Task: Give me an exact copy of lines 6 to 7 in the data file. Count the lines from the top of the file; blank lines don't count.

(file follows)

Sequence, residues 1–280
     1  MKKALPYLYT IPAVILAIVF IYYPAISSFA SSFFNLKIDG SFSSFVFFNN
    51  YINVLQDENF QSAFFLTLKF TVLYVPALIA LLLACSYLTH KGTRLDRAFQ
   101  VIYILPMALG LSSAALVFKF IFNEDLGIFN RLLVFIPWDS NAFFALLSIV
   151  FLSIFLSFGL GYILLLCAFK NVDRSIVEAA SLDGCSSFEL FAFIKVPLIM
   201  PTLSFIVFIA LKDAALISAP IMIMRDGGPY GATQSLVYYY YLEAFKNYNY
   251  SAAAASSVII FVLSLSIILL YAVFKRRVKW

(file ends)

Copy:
   201  PTLSFIVFIA LKDAALISAP IMIMRDGGPY GATQSLVYYY YLEAFKNYNY
   251  SAAAASSVII FVLSLSIILL YAVFKRRVKW